2007 signalled the housing crash in the U.S. which arguably plunged the world into recession, but now the Office for National Statistics (ONS) is suggesting that the UK economy is growing. Q4 of 2013, for example, saw growth of 0.7 percent, and gross domestic GDP growth of 1.9 percent – the highest it has been since 2007.
Services Up, Production Down
As has been the trend in recent months, Q4 saw a raise in the services sector – a sector which accounts for more than 3 quarters of the UK’s economic output – of around 0.8 percent.
Unfortunately, however, the less impressive industrial sector fell from 0.8 percent growth quarter on quarter to 0.7 percent as a result of North Sea oil and gas failures. In construction, an industry which suffered massively from the economic downturn and currently only accounts for 8 percent UK GDP, there was a fall of 0.3 percent.
Thankfully, however, these industries are only a small part of what kept the UK economy ticking over, so with the services industry up, the entire UK economy is seeing growth.
Growth and Decline Explained
Although the Government recently launched their “Help to Buy” scheme with the aim to facilitate younger couples purchasing their own homes, the general trend in the construction industry has been negative. In essence, this is likely because many people do not yet have the disposable income to be able to afford a mortgage deposit – regardless of the help they’re afforded from the government.
On the other hand, the services industry is improving and growing on what appears to be a monthly basis. One of the most significant side effects of thisis there has been a recorded mass migration of young people to England’s capital, with London now home to around over 1 in 3 young people who chose to relocate from their home towns.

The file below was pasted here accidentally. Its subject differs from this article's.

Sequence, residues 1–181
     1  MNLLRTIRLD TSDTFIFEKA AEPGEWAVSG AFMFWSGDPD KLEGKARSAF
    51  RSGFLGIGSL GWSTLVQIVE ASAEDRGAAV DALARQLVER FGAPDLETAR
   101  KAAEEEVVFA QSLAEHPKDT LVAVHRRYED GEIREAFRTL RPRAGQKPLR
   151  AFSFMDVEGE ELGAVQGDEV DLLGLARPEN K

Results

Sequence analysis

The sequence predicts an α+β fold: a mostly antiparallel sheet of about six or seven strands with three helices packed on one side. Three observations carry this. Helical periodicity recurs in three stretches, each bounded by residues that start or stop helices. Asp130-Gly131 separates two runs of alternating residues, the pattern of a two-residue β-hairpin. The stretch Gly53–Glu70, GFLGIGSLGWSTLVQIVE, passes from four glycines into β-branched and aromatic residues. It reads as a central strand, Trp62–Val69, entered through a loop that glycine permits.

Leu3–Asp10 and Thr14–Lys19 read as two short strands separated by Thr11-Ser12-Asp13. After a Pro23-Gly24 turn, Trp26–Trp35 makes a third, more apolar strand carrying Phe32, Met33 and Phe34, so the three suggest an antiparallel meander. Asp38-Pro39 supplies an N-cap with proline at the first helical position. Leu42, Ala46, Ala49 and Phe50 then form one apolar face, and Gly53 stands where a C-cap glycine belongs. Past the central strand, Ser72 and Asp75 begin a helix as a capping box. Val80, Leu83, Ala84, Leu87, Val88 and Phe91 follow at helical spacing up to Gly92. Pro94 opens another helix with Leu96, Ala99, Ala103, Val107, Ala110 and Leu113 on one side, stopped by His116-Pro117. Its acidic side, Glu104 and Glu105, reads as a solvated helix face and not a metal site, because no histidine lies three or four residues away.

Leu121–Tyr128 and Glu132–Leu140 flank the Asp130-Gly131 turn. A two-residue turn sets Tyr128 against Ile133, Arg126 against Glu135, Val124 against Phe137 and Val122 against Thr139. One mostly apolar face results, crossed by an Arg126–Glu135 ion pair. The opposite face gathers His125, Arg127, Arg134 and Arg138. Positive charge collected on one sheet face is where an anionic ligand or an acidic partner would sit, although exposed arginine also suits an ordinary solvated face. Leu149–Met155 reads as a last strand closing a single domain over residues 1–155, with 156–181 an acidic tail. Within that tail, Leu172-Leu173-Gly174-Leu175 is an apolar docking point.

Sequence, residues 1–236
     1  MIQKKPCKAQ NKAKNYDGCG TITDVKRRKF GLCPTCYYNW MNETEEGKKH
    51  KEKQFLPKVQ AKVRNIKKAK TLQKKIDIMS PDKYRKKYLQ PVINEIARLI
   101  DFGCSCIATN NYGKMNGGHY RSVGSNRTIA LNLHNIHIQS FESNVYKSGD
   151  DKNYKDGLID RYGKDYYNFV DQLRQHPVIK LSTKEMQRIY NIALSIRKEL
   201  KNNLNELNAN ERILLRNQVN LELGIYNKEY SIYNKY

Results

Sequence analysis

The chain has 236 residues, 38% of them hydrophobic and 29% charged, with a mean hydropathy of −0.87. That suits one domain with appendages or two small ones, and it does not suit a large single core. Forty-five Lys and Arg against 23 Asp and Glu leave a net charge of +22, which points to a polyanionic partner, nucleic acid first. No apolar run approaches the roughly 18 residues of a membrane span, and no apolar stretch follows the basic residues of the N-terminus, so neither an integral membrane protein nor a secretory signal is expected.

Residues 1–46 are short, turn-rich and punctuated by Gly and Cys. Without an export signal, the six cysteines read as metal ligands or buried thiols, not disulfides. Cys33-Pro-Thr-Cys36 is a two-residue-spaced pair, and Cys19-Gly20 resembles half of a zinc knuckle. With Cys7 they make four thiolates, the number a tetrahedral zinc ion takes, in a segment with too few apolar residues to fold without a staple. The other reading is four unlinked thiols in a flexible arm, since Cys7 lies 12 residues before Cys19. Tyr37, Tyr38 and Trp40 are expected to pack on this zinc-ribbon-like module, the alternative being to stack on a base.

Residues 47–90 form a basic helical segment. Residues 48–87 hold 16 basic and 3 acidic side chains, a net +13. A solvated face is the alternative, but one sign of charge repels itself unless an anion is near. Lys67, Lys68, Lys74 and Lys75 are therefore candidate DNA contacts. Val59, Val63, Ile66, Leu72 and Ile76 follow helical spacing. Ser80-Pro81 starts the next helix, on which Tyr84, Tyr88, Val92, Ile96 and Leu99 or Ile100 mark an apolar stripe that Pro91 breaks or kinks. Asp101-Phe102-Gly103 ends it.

The implication of this is significant – that the capital is draining the rest of the UK of its talent, and this means that in the long run, the UK may suffer. Despite these implications, many people in Government – particularly the Tory front benches – agree that for the foreseeable future, the UK’s economy will grow.
With the increasingly positive view regarding the state of the UK economy, many have turned their heads and altered their financial productions for the coming 2 years. For example, the International Monetary Fund’s (IMF) predictions for 2014 have changed from 1.9 percent growth forecast to 2.4 percent – a vast improvement, and one which relies, essentially, on the continued and successful growth of the services industry.
The IMF’s new higher predictions have sparked the interest of investors, although it is important to remember that the output level is currently still 1.3 percent below the 2008 first quarter level, so there is still almost certainly room for caution. Therefore, any potential investors might better their investment chances by reinforcing their bullish optimism with up to the minute news.
Ultimately, the optimism of traders is not misplaced, with the UK’s economy better than it has been for over half a decade. However, some caution should be used. Perhaps the words of Vince Cable should be heeded.